When I was a student at the University, more than 20 years ago, Motorpsycho reached for me the status of a cult band and every year or so they repeated the rite of releasing a new album, which for me used to become a new relic to be worshiped. Between 1994 and 1998, in particular, this trio of Norwegian rockers released 4 albums that marked the “renaissance” of progressive rock in the ’90s. Their music was just wonderful. They played a genuine, engaging and exciting rock, a music gifted by a level of creativity that was really outside the boundaries of the human being, with a powerful and devastating sound. In short, a myth. The story tells that at some point in their career the band faced a musical turn and the magic of those years was never to be repeated, probably not only because of their music but also because it was also my life that changed. Through the years I have continued to follow their steps, perhaps with less transport and passion but always with great interest. Their prolificity has been somewhat slowed, but they have continued to produce albums with a certain frequency. Recently, for some years now, their music is coming back to touch some special strings of my sensitivity and today, with their new work The Tower, it is as if they are again approaching that part of my body that is more sensitive to their music.
The current lineup of the band features only two members of the original formation: Bent Sæther (lead vocals and bass) and Hans Magnus “Snah” Ryan (guitars) and last year also the “young” drummer who supported the last 7 albums left the group to be replaced by Tomas Järmyr from Zu, who was presented as the new permanent drummer of the band.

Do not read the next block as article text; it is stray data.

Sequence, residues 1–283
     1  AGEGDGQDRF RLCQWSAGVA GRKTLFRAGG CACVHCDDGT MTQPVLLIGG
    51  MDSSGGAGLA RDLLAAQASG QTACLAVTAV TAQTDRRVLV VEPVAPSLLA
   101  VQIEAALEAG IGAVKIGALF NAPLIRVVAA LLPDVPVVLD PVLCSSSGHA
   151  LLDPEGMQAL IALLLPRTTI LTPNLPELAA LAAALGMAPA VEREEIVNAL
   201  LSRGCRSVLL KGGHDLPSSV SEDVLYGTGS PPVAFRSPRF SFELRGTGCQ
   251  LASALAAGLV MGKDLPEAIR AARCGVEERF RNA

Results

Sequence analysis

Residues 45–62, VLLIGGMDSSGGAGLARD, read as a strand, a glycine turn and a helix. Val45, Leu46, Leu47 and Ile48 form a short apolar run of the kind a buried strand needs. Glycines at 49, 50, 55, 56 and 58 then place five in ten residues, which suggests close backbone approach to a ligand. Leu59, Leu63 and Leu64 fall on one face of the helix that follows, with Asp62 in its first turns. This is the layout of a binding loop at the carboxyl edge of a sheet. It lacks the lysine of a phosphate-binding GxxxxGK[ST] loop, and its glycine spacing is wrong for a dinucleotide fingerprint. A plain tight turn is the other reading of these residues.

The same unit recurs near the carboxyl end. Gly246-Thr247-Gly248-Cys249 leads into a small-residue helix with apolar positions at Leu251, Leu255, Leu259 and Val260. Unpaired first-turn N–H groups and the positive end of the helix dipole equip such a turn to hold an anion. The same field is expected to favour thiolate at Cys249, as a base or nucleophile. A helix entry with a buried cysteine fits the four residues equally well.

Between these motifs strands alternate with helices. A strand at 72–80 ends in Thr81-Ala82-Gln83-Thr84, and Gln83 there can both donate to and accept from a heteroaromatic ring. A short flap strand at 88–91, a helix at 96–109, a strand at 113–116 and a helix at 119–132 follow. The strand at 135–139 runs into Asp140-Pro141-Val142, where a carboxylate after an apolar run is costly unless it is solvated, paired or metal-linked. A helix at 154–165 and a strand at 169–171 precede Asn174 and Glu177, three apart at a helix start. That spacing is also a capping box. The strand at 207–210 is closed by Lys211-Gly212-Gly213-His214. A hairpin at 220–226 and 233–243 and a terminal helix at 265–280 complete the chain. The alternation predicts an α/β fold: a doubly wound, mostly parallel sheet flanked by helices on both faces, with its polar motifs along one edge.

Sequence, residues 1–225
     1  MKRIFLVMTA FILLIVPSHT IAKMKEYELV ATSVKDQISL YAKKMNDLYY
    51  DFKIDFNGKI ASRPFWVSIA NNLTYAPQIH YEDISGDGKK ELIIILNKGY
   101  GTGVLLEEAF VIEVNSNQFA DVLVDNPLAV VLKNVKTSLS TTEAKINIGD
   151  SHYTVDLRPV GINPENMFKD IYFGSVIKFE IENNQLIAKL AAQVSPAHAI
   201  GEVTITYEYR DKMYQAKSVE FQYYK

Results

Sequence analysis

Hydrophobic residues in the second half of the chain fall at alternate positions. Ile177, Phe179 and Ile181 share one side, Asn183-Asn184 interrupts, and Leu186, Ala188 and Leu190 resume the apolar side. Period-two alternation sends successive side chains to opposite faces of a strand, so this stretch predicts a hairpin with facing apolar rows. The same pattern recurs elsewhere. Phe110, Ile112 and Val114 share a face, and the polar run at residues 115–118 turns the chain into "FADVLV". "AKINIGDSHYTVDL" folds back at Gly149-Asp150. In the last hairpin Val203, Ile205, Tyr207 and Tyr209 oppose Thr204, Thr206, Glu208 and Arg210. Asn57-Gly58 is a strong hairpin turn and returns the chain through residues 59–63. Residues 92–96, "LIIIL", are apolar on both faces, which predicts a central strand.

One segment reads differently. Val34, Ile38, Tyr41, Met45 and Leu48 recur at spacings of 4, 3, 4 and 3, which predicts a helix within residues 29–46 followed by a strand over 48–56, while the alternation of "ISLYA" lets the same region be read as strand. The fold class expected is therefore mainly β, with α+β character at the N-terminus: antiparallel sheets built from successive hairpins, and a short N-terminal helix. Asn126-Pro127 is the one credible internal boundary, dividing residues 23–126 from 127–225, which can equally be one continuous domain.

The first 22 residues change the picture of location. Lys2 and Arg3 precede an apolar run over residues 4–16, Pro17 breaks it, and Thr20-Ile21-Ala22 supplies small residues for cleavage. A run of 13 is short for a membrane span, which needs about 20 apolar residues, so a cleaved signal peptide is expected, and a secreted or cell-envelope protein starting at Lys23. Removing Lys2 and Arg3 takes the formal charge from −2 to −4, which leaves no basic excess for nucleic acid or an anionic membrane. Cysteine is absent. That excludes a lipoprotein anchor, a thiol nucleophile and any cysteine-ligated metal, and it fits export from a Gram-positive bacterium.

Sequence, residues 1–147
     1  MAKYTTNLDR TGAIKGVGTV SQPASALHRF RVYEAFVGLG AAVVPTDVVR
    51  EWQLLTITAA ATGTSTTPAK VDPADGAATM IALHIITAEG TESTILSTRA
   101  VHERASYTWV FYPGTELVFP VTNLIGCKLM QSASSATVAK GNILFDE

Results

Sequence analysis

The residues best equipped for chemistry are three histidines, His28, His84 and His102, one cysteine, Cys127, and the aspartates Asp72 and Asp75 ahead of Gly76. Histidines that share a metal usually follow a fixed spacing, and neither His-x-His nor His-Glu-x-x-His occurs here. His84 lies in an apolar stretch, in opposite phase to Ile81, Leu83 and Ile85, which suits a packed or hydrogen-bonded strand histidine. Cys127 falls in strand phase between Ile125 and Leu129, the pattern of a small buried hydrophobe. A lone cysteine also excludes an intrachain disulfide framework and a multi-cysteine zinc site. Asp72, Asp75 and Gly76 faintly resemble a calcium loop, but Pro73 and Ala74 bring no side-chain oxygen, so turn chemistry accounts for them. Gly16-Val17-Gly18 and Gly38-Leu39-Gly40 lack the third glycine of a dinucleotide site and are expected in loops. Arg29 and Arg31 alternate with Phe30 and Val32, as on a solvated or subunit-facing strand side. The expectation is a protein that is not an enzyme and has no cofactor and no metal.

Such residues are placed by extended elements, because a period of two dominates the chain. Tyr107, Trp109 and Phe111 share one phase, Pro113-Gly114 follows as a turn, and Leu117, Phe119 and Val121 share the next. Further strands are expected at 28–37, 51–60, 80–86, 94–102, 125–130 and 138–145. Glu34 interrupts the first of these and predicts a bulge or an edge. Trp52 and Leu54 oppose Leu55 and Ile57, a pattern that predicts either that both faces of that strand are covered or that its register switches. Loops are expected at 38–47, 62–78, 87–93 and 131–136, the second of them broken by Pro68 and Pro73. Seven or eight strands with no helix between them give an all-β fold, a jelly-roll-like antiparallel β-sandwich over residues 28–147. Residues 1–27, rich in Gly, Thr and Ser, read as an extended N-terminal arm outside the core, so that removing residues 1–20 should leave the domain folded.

Kenneth Kapstad’s June 2016 departure from Motorpsycho left the remaining psychos Hans Magnus Ryan and Bent Sæther fending for themselves. An almost ten-year ride was over, and things were again changing in the Psychoverse. (Motorpsycho)
But as often happens with the rock groups, the arrival of a new member must have activated a new vein of creativity because the latest work from Motorpsycho is really amazing and full of so many musical ideas that it really seem to be back to the magical period of their career.
Overall, as expected, this album is a massive piece that requires time to truly sink in. There is plenty to enjoy here and its sunny atmosphere is, so to speak, only occasionally blocked by clouds. For your yearly Motorpsycho fix, this is a magnificent journey. (Sputnik Music)
The Tower is definitely a must have LP, both for long-term fans and for those who have never come across this incredible band. We are talking about one of the most influential formations for contemporary rock, and with this record they only confirm the reason why.
Surviving yet another change in personnel, Motorpsycho bounces back and shows yet again that the band is bigger than the individual players and that it intends to survive whatever challenges fate throws at it. The Tower, then, is a statement of intent from a band that is very much alive and kicking: this is the start of a new era in the Psychoverse, and the album stands as proof that there’s bite in the old dog yet! (Motorpsycho)